If you don’t think marketing is important, you’ve never worked with a great marketer. Think the best products just sell themselves? Then you’ve never worked with a great salesperson. Ugh, product managers just get in the way. Then you’ve never worked with a great product leader. When Founders make hiring mistakes, or tolerate middling team members, it’s often because they don’t know what excellent looks like. Until you’ve see an artisan practice their craft, it’s difficult to discern Jiro from any other sushi chef.

What’s an entrepreneur to do?

  • Meet Some Excellence: Ask investors, your lawyers, other founders to introduce you to someone who is an excellent [lawyer, CMO, UX designer, etc]. Take them to a meal or for a walk. Ask them how to ID excellence within their profession: what types of experiences to look for, what interview questions to ask.
  • Bring Excellence Into Your Interview Process: If you’ve got an advisor, investor or friend with experience in the discipline you’re trying to hire, bring them into the final interview process for candidates.
  • Benchmark Excellence: What’s the right close rate for an excellent salesperson? Best practice response rates for email marketing? Sure it can be apples to oranges, but come up with a performance range that suggests excellence and if a team member isn’t performing within it, work with them to figure out why.
  • Ask The Person You’re Trying to Hire: Seriously, just ask the question “what makes an excellent marketer” and/or “what do you do better than other folks we’re interviewing.” It can be a little awkward but revealing. Some folks will blend confidence with their modesty. Others will just brag without much behind it. Regardless self-awareness plus a thoughtfulness as to what excellence looks like in one owns profession is valuable. It can also be situational – for example, someone might be able to connect their own skills to the particular phase or type of work your company is doing. Generally good but situationally excellent isn’t uncommon.

Most startups can’t survive ‘good enough.’ Shoot for excellence and build a culture of helping excellent people thrive.

Update: Joe Kraus of Google Ventures wrote a very similar post in 2012. Thanks to @jasoncrawford for finding.

VCs: Be a Partnership, Not a Collection of Partners

As a seed stage fund most of my time is spent with the founders we’ve invested in already and those who are talking with us about potential funding. Each week I’ll also catch up with a handful of other VCs, either because we’re looking at deals together or just generally updating folks on our Homebrew mission. The question I get most often from them is “Is that Homebrew tattoo real?” but I’ve already written about that 🙂 The second most frequent question – usually from partners at funds who are less active in seed but find point of entry in A or B Rounds – is some variation of “what do entrepreneurs think about our firm?” There’s always one thing I can tell them – entrepreneurs want their VC backer to feel like a partnership, not just a collection of partners.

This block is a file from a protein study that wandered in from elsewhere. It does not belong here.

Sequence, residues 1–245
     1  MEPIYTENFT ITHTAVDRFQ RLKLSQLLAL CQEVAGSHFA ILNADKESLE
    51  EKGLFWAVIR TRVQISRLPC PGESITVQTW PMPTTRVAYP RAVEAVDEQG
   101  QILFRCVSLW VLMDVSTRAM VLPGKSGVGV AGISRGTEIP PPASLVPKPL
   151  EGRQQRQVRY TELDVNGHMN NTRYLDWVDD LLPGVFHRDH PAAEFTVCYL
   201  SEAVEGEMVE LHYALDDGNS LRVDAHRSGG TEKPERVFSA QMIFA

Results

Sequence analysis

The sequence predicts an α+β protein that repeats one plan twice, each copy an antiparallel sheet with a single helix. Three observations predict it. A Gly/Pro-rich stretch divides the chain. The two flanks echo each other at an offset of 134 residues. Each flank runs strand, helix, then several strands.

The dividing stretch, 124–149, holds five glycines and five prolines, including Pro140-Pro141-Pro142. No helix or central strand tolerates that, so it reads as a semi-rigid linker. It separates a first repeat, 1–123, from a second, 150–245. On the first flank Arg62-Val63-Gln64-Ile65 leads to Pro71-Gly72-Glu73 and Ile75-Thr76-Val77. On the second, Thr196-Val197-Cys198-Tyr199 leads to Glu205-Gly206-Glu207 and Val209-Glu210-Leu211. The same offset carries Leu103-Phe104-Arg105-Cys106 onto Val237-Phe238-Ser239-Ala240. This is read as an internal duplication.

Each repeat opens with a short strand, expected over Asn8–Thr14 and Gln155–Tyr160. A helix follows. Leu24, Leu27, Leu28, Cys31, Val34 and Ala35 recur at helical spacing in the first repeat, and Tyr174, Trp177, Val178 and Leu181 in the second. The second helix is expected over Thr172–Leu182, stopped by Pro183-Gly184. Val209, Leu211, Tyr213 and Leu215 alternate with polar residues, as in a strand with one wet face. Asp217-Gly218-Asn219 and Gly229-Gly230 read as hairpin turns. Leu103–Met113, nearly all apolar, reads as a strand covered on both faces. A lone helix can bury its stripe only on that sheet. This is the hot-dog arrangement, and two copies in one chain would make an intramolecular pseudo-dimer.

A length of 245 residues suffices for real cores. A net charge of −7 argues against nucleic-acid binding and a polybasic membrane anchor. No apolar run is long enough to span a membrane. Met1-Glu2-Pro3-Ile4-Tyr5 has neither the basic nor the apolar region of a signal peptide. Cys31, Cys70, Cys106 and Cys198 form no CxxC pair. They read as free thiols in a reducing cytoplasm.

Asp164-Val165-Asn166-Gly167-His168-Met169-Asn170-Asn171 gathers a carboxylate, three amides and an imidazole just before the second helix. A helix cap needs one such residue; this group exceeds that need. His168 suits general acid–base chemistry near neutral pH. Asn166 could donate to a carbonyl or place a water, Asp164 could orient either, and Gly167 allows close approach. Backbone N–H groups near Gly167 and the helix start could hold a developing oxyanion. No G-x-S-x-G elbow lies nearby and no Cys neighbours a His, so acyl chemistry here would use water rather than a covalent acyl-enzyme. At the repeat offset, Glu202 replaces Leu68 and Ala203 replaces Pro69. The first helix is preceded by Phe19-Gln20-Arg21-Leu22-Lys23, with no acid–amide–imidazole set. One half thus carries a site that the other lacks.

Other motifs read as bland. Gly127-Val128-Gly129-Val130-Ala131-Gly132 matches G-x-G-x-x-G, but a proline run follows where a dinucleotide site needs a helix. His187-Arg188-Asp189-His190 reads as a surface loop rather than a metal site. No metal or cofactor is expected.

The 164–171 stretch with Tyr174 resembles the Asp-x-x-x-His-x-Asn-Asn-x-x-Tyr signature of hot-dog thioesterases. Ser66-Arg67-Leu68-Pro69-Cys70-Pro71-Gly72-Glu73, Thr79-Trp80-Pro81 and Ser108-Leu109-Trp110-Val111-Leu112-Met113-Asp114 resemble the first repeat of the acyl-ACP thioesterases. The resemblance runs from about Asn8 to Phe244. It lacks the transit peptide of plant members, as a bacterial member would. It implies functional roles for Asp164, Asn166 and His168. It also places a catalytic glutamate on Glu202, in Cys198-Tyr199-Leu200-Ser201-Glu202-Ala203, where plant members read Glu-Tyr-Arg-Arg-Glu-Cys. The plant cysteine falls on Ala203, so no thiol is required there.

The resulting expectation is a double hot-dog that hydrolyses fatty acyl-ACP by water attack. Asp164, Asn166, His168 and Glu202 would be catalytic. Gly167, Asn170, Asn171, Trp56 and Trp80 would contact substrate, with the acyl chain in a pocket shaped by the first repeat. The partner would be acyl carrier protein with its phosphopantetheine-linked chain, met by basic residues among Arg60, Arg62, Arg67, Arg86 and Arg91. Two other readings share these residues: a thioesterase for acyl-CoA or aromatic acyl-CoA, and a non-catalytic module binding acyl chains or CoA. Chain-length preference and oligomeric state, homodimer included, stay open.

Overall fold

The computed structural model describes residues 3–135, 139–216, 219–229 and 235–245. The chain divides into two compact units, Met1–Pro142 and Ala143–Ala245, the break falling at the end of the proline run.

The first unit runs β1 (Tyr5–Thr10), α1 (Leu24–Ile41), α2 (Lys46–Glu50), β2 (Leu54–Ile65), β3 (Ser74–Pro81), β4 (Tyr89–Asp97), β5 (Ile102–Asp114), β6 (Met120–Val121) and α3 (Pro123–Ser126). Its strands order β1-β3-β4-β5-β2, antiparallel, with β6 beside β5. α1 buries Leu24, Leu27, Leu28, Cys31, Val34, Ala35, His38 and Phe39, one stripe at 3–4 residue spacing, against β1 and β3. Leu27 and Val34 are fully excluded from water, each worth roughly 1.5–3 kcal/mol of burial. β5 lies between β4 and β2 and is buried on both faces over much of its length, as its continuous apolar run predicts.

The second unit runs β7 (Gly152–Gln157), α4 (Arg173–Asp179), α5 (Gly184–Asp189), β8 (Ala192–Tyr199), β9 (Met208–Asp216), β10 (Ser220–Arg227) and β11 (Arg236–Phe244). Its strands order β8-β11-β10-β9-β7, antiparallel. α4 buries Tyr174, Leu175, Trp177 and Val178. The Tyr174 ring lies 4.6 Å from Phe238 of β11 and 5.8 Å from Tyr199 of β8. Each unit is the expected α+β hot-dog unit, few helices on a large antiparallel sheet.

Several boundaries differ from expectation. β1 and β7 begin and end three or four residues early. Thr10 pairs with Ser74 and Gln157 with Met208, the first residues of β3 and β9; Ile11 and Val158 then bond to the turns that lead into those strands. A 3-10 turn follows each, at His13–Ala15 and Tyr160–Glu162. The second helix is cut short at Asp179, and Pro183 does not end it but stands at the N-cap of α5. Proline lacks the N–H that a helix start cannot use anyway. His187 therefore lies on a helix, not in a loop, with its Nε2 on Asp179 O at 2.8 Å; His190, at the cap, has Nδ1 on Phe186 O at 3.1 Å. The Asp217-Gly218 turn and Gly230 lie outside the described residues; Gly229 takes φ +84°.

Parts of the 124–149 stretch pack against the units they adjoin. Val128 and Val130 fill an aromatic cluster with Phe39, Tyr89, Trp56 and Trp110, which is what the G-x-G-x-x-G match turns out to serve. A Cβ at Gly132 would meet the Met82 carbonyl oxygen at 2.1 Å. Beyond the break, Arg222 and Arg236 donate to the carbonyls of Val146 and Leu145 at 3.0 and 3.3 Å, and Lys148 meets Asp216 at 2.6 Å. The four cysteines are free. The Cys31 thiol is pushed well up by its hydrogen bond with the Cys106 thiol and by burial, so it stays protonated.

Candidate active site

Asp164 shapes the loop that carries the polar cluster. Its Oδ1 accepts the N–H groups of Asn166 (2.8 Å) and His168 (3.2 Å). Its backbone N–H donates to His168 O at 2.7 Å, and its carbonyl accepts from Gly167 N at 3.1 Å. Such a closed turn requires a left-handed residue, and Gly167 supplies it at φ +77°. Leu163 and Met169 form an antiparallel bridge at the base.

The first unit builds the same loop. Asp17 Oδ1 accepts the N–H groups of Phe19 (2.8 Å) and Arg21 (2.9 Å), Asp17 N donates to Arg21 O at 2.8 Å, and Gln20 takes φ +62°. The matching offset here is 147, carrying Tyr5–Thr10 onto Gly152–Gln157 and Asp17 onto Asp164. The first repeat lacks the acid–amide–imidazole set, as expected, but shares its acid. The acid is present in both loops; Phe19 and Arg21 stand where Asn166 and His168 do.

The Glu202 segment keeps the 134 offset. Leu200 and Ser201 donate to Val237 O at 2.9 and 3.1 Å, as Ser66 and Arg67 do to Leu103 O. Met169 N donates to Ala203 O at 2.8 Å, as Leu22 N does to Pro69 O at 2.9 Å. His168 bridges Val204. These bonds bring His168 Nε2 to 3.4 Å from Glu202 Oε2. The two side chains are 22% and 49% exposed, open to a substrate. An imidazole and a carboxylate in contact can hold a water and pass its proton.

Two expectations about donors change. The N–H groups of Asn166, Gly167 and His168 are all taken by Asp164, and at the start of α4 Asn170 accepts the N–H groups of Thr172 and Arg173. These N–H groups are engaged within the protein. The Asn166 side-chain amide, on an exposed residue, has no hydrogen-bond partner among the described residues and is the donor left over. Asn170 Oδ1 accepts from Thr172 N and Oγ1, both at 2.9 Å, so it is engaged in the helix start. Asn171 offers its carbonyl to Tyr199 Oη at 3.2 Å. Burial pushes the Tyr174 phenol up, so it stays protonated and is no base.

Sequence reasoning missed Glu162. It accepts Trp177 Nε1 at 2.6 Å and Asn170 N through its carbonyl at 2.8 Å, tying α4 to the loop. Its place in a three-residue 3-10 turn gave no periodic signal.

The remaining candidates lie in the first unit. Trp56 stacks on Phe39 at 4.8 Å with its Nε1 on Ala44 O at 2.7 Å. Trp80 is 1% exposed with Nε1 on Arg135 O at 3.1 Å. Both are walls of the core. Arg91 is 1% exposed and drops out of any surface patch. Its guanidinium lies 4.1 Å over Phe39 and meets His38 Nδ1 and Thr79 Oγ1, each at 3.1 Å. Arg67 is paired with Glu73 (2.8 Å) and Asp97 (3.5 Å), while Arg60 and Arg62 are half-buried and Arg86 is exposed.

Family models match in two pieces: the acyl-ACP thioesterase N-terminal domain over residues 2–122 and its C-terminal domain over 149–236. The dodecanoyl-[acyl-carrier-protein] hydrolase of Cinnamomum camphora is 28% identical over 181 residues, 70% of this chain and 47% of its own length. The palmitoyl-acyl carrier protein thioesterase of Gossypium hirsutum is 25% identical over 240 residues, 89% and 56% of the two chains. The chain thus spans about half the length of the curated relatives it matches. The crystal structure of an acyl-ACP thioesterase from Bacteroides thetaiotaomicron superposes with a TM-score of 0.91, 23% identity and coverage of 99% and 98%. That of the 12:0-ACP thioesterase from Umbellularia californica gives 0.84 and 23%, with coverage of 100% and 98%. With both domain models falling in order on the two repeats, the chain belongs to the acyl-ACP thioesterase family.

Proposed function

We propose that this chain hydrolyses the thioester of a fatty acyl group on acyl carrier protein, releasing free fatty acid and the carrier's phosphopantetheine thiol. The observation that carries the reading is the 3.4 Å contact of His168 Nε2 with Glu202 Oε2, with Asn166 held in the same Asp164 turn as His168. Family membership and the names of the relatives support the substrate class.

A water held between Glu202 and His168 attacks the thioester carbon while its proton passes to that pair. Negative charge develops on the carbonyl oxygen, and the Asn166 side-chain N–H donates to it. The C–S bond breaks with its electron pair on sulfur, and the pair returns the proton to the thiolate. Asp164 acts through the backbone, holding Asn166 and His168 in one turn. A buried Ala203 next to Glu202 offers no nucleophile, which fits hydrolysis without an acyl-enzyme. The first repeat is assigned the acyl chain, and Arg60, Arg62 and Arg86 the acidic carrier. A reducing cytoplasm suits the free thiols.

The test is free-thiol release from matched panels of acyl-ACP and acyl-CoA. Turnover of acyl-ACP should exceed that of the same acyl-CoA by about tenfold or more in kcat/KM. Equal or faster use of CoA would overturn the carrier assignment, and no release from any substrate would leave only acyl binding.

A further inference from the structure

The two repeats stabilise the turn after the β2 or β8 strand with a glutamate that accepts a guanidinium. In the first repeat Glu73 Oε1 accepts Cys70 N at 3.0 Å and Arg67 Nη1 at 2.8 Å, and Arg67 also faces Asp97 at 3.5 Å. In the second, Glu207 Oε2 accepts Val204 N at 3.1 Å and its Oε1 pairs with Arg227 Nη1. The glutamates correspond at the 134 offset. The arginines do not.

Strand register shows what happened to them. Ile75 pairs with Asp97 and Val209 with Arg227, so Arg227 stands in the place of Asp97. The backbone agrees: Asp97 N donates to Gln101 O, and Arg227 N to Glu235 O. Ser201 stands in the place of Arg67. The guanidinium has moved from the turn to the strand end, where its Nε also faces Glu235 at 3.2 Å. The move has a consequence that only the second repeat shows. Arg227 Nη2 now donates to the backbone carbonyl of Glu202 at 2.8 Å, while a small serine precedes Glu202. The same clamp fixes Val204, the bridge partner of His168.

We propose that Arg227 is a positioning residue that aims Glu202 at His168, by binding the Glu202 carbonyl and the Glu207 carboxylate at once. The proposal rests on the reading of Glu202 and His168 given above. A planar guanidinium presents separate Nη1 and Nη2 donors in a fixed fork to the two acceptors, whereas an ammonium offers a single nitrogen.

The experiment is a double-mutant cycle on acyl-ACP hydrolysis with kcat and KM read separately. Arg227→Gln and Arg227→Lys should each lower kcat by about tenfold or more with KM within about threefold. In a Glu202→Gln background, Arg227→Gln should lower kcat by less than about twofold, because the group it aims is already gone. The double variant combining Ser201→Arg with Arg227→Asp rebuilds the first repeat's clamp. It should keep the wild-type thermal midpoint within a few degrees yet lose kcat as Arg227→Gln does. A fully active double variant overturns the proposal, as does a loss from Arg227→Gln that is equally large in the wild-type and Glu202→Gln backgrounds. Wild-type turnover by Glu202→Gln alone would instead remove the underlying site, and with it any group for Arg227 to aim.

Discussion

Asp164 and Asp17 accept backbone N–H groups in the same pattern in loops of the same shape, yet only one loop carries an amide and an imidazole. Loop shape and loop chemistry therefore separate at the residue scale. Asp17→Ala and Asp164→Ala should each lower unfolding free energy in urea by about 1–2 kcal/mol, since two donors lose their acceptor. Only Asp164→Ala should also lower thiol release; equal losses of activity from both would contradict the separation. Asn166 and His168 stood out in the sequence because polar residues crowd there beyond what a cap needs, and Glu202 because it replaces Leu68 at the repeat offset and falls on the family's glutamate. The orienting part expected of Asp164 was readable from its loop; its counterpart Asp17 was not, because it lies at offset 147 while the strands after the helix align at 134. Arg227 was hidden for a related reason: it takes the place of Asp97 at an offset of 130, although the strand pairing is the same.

What’s the distinction between the two? Here are some of the ways founders have articulated the differences to us:

  • When they’re pitching and coming in to meet a second partner, or pitch the partnership group, does it feel like the group has been briefed on what was already discussed or are the founders forced to repeat everything again. Does each meeting with the firm build on the previous one?
  • Do the partners focus on various verticals or industries and ensure the founders land with the best match for their company, or is there a lot of overlap and it’s someone’s deal just because they were point of introduction?
  • Does the firm stand for something? This does not necessarily equate to strength of brand or social media noise, but rather, does it feel like the partnership exists because they have a mission to accomplish or just because they have a slug of money to invest?
  • When the founders need operational help or guidance, how often do other people at the firm outside the deal partner offer to help?

When we formed Homebrew we committed to be a true partnership. In fact, Homebrew wouldn’t have existed in any other combination than the two of us coming together – neither Satya or I were thinking of starting a fund on our own. And although we intend at some point to invite other General Partners to join us, we want to be intentional about remaining a partnership that is greater than the sum of its parts. Brad Feld of Foundry Group, a firm and team who have been especially helpful to us, writes about this in his post Business Love. As Brad says,

The process of creating and building new companies from nothing is hard. It’s incredibly rewarding when it’s successful, but the process can be an excruciating, chaotic, and messy. There are moments of extreme stress. Failure is always lurking in the background. Working alongside people you truly love makes a huge difference, at least for me.

I’ve been in this business only a short while and have plenty to prove over the coming years, but my guess is that the “collection of partners” model will struggle in the face of truly integrated partnerships who are able to move quickly, evolve with the markets and signal to founders that they’ve got the commitment of an entire organization behind them.